So what will happen two hundred years from now? Bach, we know, will always be with us. His music transcends contemporary tastes and fashions, for he has survived the test of time, that surest of all critics. And what there is in Bach is now available to anyone who can hear. The same will happen, I think, with jazz. The environment it was created in will eventually fall away and only the music will remain. It may even be difficult for folks two hundred years from now to grasp the spirit it was created in since the times will long be gone. They may hear it in their own way. But the charm, delight, even the surprise of the music will always find an audience. For jazz, finally, is unique, and belongs to anybody at any time. Like any art which is there to be grasped, understood, and finally enjoyed.

*Symons’ translation of Baudelaire’s “Epilogue.”  

22 Jun 2004 @ 02:38 by jazzolog : True Jazz Feelings
I don't want to hijack this perfectly respectable entry in the name of jazz, but I am looking for a space to share something that is particularly tender and perhaps unique about its followers. Last week a completely obscure male jazz singer named Jackie Paris died. He was in his 70s, known of by very few people, and could boast of no more than a handful of recordings over his entire career. When I shared the news with the widow of Al Haig, another rather rare player but of much greater accomplishment, she was beside herself with grief...and began writing a tribute and reminiscence, which she mailed out to a few close friends. She has agreed to let me share it with you...and I do so to illustrate the kinds of relationships that are common in the Jazz World~~~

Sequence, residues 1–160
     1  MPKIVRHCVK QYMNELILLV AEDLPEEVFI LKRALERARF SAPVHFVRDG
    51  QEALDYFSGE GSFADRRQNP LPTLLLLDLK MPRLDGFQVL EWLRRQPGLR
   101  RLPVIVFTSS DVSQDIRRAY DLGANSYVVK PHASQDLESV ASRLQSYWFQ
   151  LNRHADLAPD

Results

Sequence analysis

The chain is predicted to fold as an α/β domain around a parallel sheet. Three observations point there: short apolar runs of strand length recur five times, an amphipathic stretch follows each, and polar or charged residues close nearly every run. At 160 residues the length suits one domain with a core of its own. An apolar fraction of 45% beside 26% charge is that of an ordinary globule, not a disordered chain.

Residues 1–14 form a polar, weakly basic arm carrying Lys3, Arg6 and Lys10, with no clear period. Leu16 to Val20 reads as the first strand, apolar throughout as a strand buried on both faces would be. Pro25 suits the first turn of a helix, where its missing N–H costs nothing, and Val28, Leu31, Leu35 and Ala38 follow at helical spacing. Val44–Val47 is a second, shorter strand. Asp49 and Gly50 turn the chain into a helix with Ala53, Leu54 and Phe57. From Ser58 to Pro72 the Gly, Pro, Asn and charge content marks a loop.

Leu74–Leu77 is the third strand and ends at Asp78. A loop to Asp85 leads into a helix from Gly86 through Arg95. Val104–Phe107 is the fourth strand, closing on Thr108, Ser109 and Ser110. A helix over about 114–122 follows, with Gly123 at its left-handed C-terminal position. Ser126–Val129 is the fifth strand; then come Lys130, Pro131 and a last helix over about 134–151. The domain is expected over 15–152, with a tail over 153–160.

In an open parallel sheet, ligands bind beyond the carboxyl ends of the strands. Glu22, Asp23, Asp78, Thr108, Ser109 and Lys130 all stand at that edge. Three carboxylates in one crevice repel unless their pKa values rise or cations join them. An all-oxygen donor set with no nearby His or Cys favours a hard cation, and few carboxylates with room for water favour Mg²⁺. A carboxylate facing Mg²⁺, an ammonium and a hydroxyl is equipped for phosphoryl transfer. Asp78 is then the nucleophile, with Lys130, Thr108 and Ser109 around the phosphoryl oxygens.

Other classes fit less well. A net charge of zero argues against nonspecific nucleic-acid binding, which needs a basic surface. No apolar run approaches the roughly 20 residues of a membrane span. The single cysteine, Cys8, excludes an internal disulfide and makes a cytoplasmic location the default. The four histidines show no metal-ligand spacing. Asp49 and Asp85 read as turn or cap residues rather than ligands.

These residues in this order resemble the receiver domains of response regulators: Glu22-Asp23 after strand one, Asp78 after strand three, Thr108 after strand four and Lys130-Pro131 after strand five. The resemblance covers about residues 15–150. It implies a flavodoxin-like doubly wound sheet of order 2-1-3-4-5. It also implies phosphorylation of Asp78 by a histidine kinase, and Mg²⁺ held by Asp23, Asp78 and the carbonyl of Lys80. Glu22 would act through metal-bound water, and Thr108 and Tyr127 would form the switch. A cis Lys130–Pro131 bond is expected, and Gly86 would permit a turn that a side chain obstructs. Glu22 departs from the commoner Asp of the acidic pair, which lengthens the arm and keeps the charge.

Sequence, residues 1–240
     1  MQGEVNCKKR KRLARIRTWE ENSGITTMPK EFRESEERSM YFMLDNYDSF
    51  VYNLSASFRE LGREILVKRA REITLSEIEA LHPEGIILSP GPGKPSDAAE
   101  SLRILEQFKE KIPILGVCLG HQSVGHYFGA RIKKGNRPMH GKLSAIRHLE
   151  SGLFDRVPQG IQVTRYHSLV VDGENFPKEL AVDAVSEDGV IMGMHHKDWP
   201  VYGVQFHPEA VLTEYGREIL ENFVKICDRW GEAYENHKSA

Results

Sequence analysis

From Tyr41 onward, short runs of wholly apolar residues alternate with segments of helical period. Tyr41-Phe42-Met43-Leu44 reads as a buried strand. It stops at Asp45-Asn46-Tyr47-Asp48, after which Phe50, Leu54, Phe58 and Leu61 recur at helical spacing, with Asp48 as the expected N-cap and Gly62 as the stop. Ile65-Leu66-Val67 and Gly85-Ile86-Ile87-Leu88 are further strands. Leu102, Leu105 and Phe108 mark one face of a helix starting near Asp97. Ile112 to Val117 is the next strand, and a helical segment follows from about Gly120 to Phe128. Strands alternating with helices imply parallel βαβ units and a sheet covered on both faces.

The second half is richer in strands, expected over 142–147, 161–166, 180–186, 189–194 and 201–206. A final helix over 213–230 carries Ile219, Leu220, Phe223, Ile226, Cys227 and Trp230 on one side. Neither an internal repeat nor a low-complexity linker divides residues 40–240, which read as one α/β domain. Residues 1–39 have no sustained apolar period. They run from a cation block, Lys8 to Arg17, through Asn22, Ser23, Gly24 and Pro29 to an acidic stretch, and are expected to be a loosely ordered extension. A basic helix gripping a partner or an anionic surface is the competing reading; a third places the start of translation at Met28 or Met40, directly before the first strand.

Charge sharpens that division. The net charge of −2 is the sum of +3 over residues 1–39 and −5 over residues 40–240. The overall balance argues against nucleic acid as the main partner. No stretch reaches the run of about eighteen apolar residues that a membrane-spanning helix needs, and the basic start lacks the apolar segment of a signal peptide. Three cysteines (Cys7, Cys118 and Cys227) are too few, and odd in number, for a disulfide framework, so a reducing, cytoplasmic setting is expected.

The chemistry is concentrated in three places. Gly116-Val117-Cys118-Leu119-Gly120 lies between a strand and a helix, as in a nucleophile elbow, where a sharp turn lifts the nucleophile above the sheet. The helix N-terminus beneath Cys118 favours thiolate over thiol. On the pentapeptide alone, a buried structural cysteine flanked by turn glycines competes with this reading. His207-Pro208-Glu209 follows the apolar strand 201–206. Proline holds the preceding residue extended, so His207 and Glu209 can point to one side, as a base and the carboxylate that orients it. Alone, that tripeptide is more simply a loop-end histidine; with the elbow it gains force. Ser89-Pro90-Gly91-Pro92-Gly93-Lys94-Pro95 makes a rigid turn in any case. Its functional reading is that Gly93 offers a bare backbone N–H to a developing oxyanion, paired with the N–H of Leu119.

Early on I connected with Jackie Paris. He was always driving 90 miles an hour in a 35 mile hour zone of his own creation...connecting to always, "Mia Culpa!" Why me? How come? And, soothsayer that I am ... with a bit of smaltz thrown in, I found it extremely easy to placate, console, soothe, listen to, and at times, even sing to/for him. His arrogance was amazing and I allowed him to vent at any given time. Close to him over the years were Morgana King and his first/second wife Annie Moss. They seemed to always be able to say what they wanted to each other and the years flew away. I remember going in to see Jackie at his first engagement at the Tavern on The Green after his wife Joan died. We knew each other, sort of like us, and he said, "How will I know you?" I told him, "I will be right up front adoring eyes will tell you it is me." So, the night comes and I survey his kingdom for familiar faces. There was a good crowd; your friend Barbara Carroll was there with a friend and Anita O'Day and I think Barbara was more impressed with her than Jackie. I can't pull the other names up...some savvy Italian...Danny somebody (Aiello) who actually went crazy for Jackie...some attractive, weathered, or should I say seasoned...tiny French looking blonde with some facial work...but sharp and nameless faces. Some gambler types and tourists. So close to his insecurities, hidden behind that ever arrogant stance, I felt motherly. His clothes were impeccable and he had this funny hair; he worked very hard to be smooth and it wasn't until the guitar came into view that I began to enjoy myself. I left after one set and just couldn't play the game. The next day he called, "Grange, what happened? Why did you leave? Were you the blonde? Did you have a hat on?"